But, if the Twitter succeeds and getting faster speed with React, it doesn’t mean shouldComponentUpdate can work in your case too.

So, how can you identify when should you use shouldComponentUpdate in your React app?

Well, the answer is simple… If you experienced any significant performance improvement from it, it is the required change for your app.

If it doesn’t then it will not do anything except slowing down your React components. Maintaining your code with shouldComponentUpdate is hard due to which it could be also major source of bugs.

Improving performance due to unnecessary renders using PureComponent

If you are not experiencing any performance gain using shouldComponentUpdate then you might also try using Pure Component which is the more performant version of React’s component class. The usage of Pure Component gives a considerable increase in performance because it reduces the number of render operation in the application.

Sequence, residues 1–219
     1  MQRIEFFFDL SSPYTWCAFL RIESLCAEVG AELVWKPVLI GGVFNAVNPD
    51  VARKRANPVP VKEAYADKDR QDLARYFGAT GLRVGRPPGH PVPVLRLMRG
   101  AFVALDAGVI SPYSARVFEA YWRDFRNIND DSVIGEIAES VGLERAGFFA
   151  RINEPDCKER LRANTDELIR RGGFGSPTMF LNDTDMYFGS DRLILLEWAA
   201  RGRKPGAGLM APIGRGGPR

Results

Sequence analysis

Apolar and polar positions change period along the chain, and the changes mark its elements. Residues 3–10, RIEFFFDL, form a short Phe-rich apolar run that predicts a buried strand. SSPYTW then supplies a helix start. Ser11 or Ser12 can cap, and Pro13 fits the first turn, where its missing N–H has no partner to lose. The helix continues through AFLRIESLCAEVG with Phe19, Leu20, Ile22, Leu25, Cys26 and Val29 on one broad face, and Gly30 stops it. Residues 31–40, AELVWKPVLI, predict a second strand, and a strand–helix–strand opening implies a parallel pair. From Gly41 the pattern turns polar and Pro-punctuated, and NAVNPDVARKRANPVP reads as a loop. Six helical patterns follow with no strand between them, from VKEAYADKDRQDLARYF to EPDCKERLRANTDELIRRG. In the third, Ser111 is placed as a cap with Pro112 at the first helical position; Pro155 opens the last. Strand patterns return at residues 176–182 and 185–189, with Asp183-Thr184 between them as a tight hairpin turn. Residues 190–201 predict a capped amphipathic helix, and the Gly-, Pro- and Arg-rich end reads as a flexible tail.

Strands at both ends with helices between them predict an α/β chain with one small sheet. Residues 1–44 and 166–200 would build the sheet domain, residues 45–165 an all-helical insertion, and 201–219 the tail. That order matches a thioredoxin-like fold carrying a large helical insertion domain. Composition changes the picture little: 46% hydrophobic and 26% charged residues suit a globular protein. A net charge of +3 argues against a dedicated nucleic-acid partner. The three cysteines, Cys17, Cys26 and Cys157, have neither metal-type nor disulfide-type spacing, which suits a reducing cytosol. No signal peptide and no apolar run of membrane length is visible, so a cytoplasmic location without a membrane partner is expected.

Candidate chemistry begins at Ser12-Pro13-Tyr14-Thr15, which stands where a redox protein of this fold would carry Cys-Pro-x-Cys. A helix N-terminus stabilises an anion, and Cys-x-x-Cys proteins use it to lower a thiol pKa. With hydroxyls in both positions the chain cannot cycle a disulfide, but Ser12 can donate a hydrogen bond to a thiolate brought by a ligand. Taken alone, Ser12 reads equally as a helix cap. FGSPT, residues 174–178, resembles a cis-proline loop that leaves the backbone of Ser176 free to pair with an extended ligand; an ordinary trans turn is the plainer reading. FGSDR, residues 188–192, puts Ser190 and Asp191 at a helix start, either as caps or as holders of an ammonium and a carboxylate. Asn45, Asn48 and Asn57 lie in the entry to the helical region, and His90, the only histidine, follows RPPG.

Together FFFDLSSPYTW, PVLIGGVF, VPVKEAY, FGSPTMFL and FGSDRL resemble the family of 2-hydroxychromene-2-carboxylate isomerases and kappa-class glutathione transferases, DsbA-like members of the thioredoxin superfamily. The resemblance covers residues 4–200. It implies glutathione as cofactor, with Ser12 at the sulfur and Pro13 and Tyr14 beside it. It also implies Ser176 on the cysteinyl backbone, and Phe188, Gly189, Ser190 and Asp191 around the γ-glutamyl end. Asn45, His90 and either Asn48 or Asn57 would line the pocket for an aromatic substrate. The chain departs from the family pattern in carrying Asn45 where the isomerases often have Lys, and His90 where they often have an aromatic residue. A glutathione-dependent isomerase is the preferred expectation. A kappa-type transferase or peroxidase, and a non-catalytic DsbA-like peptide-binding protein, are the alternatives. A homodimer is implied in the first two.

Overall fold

Pure component is exactly similar to Component class in React except the changes that it automatically handles shouldComponentUpdate method for you.

Have a look at below GIF:

Pure component example

Note that everytime the input text is typed, every single text component is being re-rendered. This is where React.PureComponent class will come handy. By implementing Pure component, we can eliminate the re-rendering of component.

Preventing wasted Renders in React with Immutable.js

While defining shouldComponentUpdate method, it is your job to tell React if component needs to be re rendered to reflect state and new properties. Otherwise, React would leverage a diff algorithm for this decision which is computationally expensive.

An ideal way to use shouldComponentUpdate is to make it more lightweight as possible since it is called for every single component.